Bay Area Auntie Ann’s Mogul estimates California’s new $20 minimum wage will cost him $470,000 per year

Fast-paced workers in California will be paid at least $20 an hour starting Monday as a new law is set to go into effect providing more financial protections for the once-low-paying job while threatening to raise wages in a state already known for its high wages. of life.

Democrats in the State Legislature passed the law last year in part as an acknowledgment that most of the more than 500,000 people who work in fast food restaurants are not young people who earn extra money, but older people who work to support their families.

This includes immigrants like Ingrid Vilorio, who said she started working at McDonald’s shortly after arriving in the United States in 2019. Fast food was her full-time job until last year. Now, he works eight hours a week at Jack in Box while doing other work.

“The $20 raise is good. I wish it would have come sooner,” Vilorio said through a translator. “Because I wouldn’t need more jobs in different places.”

The law was sponsored by a trade association that represents fast food restaurant owners. But since its passage, many franchise owners have complained about how the law affects them, especially during California. economic decline.

Alex Johnson owns 10 Auntie Anne’s Pretzels and Cinnabon restaurants in the San Francisco Bay Area. He said sales declined in 2024, which forced him to leave his office staff and rely on his parents for salary and social assistance.

Increasing the wages of his employees will cost Johnson about $470,000 each year. He has to raise prices anywhere from 5% to 15% at his stores, and he is not hiring or looking to open new locations in California, he said.

“I try to be fair to my employees. I pay them as much as I can. But this law is really affecting our operations,” Johnson said.

“I have to consider selling or even closing my business,” he said. “The profit margins are much smaller when you factor in all the other costs that are going up.”

Over the past decade, California has increased its minimum wage for most workers to $16 an hour. The biggest concern at the time was whether the increase would cause some workers to lose their jobs as their employers’ money increased.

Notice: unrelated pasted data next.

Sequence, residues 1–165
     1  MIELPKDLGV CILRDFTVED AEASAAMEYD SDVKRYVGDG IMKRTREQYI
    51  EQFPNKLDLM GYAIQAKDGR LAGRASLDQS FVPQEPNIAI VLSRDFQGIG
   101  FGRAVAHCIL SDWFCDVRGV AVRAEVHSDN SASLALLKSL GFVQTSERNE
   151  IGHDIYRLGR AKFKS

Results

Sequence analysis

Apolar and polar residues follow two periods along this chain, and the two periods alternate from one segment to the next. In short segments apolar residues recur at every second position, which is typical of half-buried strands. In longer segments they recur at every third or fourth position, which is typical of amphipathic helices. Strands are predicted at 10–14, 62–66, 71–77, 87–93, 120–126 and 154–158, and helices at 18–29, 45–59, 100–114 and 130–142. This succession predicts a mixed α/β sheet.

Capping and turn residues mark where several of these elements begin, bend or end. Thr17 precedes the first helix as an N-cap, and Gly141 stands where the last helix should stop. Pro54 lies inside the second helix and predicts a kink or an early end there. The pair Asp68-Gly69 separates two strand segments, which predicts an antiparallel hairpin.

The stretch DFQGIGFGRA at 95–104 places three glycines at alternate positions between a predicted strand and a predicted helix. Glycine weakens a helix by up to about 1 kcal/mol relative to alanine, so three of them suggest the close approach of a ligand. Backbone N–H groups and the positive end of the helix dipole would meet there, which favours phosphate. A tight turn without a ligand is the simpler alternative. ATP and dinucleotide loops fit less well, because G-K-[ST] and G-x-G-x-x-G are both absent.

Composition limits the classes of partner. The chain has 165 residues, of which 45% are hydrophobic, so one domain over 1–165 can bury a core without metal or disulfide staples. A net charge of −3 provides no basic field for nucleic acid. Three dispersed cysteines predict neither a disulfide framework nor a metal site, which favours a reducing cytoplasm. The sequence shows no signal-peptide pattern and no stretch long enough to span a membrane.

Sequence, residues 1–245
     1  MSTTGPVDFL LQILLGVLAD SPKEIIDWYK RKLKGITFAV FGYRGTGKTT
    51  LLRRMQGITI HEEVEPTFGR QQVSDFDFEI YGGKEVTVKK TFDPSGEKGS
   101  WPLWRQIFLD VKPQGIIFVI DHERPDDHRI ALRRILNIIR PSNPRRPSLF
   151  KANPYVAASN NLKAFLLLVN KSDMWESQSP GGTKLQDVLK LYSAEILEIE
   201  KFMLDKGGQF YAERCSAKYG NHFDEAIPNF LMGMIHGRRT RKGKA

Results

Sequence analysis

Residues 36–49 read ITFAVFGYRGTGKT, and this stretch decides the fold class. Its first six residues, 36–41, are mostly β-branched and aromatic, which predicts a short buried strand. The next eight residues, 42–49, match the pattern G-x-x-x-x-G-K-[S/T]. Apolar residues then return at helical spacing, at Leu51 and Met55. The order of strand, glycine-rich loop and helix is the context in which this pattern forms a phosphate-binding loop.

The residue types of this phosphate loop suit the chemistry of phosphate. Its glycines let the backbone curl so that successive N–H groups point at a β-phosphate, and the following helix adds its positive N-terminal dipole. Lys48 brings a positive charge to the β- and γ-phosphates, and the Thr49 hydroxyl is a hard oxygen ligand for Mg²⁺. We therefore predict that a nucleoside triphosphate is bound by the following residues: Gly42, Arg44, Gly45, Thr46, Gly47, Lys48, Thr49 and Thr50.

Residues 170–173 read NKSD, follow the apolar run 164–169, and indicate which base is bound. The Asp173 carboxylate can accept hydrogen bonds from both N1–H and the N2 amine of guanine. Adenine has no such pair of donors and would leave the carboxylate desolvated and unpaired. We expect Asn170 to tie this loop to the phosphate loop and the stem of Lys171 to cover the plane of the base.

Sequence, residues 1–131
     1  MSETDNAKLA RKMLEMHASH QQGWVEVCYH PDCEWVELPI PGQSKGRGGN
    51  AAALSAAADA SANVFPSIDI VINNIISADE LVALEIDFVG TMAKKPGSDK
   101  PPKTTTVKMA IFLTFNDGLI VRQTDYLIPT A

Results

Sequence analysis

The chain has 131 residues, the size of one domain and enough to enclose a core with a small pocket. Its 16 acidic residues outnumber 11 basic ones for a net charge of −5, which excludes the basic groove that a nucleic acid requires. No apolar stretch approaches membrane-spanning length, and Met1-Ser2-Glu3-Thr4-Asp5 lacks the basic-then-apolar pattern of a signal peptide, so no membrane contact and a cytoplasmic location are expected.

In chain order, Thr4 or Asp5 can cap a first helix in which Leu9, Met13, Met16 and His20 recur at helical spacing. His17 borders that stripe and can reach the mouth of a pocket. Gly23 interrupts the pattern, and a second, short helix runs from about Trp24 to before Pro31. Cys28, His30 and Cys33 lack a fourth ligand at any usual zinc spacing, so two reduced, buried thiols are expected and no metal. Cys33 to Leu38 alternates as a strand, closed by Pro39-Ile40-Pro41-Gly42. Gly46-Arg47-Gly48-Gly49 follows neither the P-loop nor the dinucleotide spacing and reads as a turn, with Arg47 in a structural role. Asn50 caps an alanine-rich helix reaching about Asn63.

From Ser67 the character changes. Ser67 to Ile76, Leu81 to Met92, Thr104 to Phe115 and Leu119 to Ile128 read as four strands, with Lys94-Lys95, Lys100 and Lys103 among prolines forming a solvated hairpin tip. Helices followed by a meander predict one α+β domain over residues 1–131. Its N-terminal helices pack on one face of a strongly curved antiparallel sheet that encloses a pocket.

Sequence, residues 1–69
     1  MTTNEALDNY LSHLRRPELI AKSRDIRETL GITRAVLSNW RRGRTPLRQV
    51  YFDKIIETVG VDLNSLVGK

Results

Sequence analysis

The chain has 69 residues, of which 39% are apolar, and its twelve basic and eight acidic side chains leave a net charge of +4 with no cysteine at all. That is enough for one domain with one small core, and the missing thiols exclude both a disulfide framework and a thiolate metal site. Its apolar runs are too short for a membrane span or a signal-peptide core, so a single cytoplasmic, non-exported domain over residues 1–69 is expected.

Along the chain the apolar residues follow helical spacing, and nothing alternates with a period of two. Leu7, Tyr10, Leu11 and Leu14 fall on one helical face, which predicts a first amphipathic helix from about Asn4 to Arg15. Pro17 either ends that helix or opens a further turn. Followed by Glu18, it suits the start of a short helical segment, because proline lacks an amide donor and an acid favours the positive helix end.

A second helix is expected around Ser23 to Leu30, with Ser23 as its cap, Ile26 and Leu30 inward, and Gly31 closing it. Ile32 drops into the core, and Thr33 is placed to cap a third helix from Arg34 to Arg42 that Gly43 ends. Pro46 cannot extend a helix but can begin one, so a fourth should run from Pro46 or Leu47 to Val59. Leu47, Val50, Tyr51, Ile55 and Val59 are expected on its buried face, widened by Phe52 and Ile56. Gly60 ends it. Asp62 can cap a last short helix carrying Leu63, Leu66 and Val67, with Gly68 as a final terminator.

Instead, the data shows that wages have risen and jobs haven’t fallen, said Michael Reich, a professor of labor economics at the University of California-Berkeley.

“I was surprised by the decline, or how difficult it was to get results from work. If anything, we get better results from work,” Reich said.

In addition, Mr. Reich said that while the state minimum wage is $16 an hour, the largest cities in the state have their own laws that pay higher wages than that. For most fast food restaurants, this means that the jump to $20 an hour will be minimal.

The law marked a carefully crafted standoff between the fast-food industry and labor unions, which have been fighting over wages, benefits and legal fees for nearly two years. The law began in private negotiations between organizations and companies, including the unusual part of sign confidentiality agreements.

The law applies to restaurants that offer little or no table service and that are in the national group with at least 60 locations nationwide. Restaurant those who work in shops are exempt, as are restaurants that make and sell bread as an independent product.

At first, it appeared that the removal of bread was used at Panera Bread restaurants. Bloomberg News reported that the change would benefit Greg Flynn, a wealthy Newsom campaign donor. But Newsom officials say the wage increase applies to Panera Bread because the restaurant does not make the dough on-site. Also, Flynn announced that he would pays its workers at least $20 an hour.


Beam was reported from Sacramento, California.

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